Deleted scene from CHILLING EFFECT

Box: a cat’s natural habitat.

Now that page proofs for PRIME DECEPTIONS are off to the publisher, I thought I’d share something fun to celebrate. The votes are in, so please enjoy this deleted scene from CHILLING EFFECT, in which The Fridge’s attempt to take over La Sirena Negra doesn’t go quite as planned. This occurs in Chapter 20, but is relatively spoiler-free.

Stay safe, amigos, hasta luego!

Sue napped in a hammock she’d strung up in a corner of the crew quarters, dreaming of curry. Mala slept on her lap, purring softly. While they were docked at DS Nor so Eva and Pink could find Vakar’s sister, most of Sue’s robots were busy working on the cooling system, which she’d decided was slightly more important than the shields or the artificial gravity. La Sirena Negra could always run from a fight, or the crew could tie things down and float around, but a hot core meant sparky sparky boom boom death. The other bots were playing with the cats, who found them highly entertaining.

((Sensor failure,)) Min pinged at her. The location nudged Sue’s consciousness like a compass needle.

“Check it out, Two-Two,” Sue murmured. The little robot saluted and raced off, climbing into one of the ventilation shafts that led to the belly of the ship. Weird that a sensor would randomly fail there, but it was an old ship. Sue was already halfway back to Nap Town when another ping woke her.

((Intruders,)) Min pinged at Sue.

Sue yawned. “That sucks. Wait, what?” She sat up, dislodging Mala, who rolled but recovered and landed gracefully on the floor. Sue’s exit from the hammock was less graceful.

((Cargo bay.))

((How many?)) Sue pinged back.


Rusty buckets. Sue retrieved her blaster from her locker, hands trembling. She’d never shot anyone with it before, not even when she’d robbed that veterinarian by accident, but there was a first time for everything. She just had to get through the mess, down to the cargo bay…

Then again, she didn’t know why these people were here. Maybe she should keep Min safe instead. Yeah, that sounded better than trying to be a big darn hero.

Sue headed for the bridge, hoping Eva and Pink would be back soon.


Down in the cargo bay, two Fridge agents examined a large shipping container nestled against one wall. Some kind of habitat, by the looks of it, with a variety of toys and food bowls and a covered box with an opening on the side. It was strangely empty.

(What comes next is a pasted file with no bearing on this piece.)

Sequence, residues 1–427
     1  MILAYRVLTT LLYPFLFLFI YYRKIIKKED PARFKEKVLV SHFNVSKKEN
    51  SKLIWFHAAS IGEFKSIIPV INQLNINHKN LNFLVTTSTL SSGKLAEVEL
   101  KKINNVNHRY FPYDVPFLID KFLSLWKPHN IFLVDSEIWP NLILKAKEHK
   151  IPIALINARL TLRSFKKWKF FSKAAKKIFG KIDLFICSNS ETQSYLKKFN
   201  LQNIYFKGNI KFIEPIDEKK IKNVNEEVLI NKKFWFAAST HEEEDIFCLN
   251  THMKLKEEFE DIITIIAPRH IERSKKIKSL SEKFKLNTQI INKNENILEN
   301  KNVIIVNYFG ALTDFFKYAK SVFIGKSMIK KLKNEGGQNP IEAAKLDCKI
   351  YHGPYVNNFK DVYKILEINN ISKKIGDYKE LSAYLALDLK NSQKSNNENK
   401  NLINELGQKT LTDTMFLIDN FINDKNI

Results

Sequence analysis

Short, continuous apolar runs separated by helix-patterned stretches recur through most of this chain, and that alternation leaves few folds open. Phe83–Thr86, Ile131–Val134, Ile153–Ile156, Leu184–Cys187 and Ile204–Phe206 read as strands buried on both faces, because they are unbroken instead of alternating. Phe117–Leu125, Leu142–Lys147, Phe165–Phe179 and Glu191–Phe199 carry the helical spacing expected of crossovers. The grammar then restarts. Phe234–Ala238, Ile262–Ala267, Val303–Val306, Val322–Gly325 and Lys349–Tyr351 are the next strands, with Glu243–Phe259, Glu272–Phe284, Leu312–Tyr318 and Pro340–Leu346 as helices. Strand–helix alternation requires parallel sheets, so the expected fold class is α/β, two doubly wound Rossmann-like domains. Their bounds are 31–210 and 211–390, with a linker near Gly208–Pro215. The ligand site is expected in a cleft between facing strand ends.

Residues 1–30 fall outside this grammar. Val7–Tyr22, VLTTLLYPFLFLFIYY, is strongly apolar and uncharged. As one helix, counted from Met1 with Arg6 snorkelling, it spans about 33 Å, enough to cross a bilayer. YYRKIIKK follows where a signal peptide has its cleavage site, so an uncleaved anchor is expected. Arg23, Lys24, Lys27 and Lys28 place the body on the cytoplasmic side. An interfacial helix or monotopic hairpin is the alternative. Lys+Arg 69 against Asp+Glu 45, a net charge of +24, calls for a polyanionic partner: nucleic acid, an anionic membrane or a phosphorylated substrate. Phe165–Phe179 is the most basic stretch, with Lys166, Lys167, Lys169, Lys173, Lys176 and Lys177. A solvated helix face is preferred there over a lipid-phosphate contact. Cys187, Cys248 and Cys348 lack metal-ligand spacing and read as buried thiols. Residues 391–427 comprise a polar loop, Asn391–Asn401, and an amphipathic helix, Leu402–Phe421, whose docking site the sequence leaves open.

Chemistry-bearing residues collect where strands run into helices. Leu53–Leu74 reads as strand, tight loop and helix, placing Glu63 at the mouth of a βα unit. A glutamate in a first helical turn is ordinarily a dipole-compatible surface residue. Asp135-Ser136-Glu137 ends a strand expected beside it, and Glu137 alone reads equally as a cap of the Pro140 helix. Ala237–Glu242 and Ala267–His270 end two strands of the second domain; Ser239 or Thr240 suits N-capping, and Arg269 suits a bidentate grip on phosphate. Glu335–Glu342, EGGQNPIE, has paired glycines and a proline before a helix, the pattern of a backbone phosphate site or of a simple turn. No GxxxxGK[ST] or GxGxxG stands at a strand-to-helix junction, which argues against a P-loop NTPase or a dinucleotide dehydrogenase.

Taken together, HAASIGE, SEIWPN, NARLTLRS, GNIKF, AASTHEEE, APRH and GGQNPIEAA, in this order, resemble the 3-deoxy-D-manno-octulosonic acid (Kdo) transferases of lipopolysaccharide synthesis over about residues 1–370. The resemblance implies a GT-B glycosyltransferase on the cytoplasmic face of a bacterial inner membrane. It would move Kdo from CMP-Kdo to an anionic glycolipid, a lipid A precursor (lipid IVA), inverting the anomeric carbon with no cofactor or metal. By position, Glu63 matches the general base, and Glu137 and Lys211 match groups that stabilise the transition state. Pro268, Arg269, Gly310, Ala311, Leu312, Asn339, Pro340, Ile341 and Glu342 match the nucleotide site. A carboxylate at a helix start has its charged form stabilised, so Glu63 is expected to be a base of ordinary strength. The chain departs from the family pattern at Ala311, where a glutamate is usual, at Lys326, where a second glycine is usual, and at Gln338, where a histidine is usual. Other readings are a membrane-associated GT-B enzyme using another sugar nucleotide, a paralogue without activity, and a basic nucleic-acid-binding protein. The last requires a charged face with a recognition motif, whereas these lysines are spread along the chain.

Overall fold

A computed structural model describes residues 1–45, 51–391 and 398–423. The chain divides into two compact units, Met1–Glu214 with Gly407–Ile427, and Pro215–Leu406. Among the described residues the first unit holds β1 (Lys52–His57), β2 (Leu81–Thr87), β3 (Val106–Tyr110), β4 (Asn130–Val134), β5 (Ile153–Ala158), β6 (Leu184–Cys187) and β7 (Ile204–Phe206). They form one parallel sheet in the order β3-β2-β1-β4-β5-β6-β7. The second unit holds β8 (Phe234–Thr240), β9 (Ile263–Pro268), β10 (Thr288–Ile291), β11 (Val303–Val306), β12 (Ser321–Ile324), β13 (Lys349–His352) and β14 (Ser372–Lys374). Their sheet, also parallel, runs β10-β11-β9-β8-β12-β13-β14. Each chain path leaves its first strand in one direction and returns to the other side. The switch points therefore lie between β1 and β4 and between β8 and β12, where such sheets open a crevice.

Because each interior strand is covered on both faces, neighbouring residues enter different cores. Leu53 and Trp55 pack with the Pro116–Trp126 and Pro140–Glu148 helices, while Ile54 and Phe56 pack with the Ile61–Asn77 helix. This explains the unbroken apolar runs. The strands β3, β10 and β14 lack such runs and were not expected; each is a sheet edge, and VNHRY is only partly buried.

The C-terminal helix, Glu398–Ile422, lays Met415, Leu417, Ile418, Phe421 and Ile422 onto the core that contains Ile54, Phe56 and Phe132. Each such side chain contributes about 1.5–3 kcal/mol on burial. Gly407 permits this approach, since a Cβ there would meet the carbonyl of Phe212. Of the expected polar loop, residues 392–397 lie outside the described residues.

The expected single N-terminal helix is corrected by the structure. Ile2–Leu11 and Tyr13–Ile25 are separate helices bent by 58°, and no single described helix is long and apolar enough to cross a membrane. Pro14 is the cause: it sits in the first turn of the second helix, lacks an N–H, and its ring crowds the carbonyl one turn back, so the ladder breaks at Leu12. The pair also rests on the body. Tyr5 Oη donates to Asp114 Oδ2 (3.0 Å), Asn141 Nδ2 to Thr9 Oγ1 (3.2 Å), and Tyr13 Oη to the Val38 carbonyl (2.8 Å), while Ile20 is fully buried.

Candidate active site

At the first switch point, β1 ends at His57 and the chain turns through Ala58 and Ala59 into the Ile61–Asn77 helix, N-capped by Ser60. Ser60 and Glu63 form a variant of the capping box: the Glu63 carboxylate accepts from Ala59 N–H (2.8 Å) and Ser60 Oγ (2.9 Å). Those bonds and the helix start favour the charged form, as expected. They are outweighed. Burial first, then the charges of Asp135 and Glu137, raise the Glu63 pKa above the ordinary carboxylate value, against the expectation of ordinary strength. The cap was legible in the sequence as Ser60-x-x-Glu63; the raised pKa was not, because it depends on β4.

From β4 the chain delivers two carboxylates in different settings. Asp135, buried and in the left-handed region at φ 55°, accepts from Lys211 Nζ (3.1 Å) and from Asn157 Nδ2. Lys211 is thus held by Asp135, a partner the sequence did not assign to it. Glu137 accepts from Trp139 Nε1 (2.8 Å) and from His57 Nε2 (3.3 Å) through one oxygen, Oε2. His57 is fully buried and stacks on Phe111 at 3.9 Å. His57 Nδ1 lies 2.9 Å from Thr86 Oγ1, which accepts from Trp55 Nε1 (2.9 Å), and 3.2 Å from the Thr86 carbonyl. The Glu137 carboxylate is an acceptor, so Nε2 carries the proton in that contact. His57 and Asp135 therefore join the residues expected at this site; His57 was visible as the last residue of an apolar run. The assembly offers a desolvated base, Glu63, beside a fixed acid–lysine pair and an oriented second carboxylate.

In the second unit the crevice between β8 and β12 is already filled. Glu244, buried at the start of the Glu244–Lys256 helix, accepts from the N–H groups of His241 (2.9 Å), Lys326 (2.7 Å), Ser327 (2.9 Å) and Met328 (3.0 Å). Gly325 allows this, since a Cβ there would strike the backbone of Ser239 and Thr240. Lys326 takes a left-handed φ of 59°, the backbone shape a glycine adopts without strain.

One of them looked up, his hand flying to his weapon as something leaped to the top of the container. He relaxed. Just a cat. A sweet, fluffy kitty cat. That explained the habitat, and the box must have been for the animal’s waste. It raised its tail and trotted around in a cute little figure eight, staring at him and purring as if begging to be petted.

The agent by his side saw this as well, but was less enchanted. She turned around to look for the life support components, but froze. In front of her, in three neat rows, were more cats than she had ever seen in one place in her life. They all looked up at her, pupils dilated, purring gently. In waves–first row, then second row, then third–they did the same figure eight dance, barely breaking eye contact as they turned and twined sinuously in their respective places.

The other two intruders, meanwhile, pulled off an access panel to examine the guts of the ship underneath. What they found was a trio of robots playing what looked suspiciously like hopscotch. The bots squealed and ran away, behind the adjacent panel.

The agents shared a look and a shrug and continued their nefarious work, disrupting the ship’s sensors in case the pilot was jacked in. But just as they were readying to put the panel back on, the robots returned, five instead of three, and began to repair the sabotage.

“Hey,” one intruder said. “Shoo.” She flapped her hands at the bots, who squealed in protest and ran off.

She started to undo their fixes, pausing as eight bots appeared, making strange electronic scolding noises and redoubling their repairs.

Her partner scowled and swatted the bots away, then zapped one for good measure with a stun baton. It squealed, the smell of ozone drifting up from its lightly smoking body. The other bots stopped and stared at it, then at the intruders, then picked up their friend and raced off.

The Fridge agent looked over her shoulder at her compatriots, narrowing her eyes at the rows of cats and the people standing frozen next to them. They had to finish prepping before their target returned if they wanted to avoid a fair fight, but nobody was moving. Cats, tiny robots… Why was this so hard?

“Um,” the agent next to her said.

She turned back. A solid wall of robots stared at her. Sadly, by the time she realized they were all holding welding torches, it was too late.

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